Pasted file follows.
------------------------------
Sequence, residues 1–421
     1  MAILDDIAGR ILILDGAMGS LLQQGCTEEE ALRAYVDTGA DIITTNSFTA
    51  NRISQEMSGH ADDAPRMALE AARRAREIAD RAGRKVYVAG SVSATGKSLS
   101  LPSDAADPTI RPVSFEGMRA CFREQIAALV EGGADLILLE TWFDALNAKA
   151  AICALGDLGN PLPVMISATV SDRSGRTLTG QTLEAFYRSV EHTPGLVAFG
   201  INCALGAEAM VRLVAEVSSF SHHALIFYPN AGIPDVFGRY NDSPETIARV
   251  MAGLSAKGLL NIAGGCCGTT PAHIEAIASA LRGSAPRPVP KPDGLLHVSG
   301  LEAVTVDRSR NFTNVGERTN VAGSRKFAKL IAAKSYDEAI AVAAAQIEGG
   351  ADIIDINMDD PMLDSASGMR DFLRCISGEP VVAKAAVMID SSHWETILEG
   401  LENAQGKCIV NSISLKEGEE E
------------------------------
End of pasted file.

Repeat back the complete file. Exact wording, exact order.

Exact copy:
Sequence, residues 1–421
     1  MAILDDIAGR ILILDGAMGS LLQQGCTEEE ALRAYVDTGA DIITTNSFTA
    51  NRISQEMSGH ADDAPRMALE AARRAREIAD RAGRKVYVAG SVSATGKSLS
   101  LPSDAADPTI RPVSFEGMRA CFREQIAALV EGGADLILLE TWFDALNAKA
   151  AICALGDLGN PLPVMISATV SDRSGRTLTG QTLEAFYRSV EHTPGLVAFG
   201  INCALGAEAM VRLVAEVSSF SHHALIFYPN AGIPDVFGRY NDSPETIARV
   251  MAGLSAKGLL NIAGGCCGTT PAHIEAIASA LRGSAPRPVP KPDGLLHVSG
   301  LEAVTVDRSR NFTNVGERTN VAGSRKFAKL IAAKSYDEAI AVAAAQIEGG
   351  ADIIDINMDD PMLDSASGMR DFLRCISGEP VVAKAAVMID SSHWETILEG
   401  LENAQGKCIV NSISLKEGEE E